Spike's Calculators

The same way as Edward Hoppus attached his name to the Hoppus Foot rule, Spike VM attached his name to the Spike's Rule.

Spike was no mathematician but by the grumbling of his stomach he could calculate the exact hour of dinner time. Spike has been seen cruising timbers and marking individual trees, so that should give him the right to have his name attached to a log scaling rule.

*It is plain to the most casual observer that this is a most excellent rule for calculating log volume, and that "Spike" whoever he might be, succeeded in attaching his name thereto, not as its inventor, but merely as its tabulator, for his popular work is nothing but a ready-reckoner;*

Spike's rule is a simple cubic foot rule that calculates the volume of a log by taking the average diameter of the small end of a log, in inches and the length of this log, in feet.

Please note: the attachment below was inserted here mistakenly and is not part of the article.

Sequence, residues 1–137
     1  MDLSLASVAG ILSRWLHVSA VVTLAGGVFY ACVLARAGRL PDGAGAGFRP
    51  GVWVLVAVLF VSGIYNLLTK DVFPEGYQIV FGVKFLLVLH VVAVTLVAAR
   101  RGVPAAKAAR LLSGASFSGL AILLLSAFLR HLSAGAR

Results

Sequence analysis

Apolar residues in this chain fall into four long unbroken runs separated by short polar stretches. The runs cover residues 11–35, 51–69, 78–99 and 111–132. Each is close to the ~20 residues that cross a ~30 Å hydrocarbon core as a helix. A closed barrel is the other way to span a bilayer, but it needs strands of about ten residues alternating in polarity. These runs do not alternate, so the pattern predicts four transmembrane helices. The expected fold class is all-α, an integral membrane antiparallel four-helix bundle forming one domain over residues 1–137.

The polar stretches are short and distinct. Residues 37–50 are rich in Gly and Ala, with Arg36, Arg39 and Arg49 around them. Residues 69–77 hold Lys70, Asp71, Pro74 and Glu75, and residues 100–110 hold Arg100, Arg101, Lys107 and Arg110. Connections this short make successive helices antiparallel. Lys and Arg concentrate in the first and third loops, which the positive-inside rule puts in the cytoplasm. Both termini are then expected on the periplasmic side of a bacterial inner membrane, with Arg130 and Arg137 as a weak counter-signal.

- Brereton Log Rule - Metric Measurements
- Burt's Quarter Girth Method
- Chinese National Standard
- Cubic Metre Rule
- Francon Measure
- Hoppus Rule
- Huber's Formula
- Huber's Formula - Metric
- Ireland - Log Volume Measurement
- Japanese Agricultural Standard (JAS)
- Manitoba - Cubic Method
- Newton's Formula
- Nova Scotia Cubic Metre Log Scale
- Pressler's Cubic Foot Formula
- Smalian's Formula - Metric
- Smalian's Formula - Imperial
- Solid Volume of a Log
- Spike's Rule
- Swedish Log Volume Calculation
- Swedish Log Volume Calculation Method One
- Swedish Log Volume Calculation Method Two
- Swedish Log Volume Calculation Method Three
- William Klemme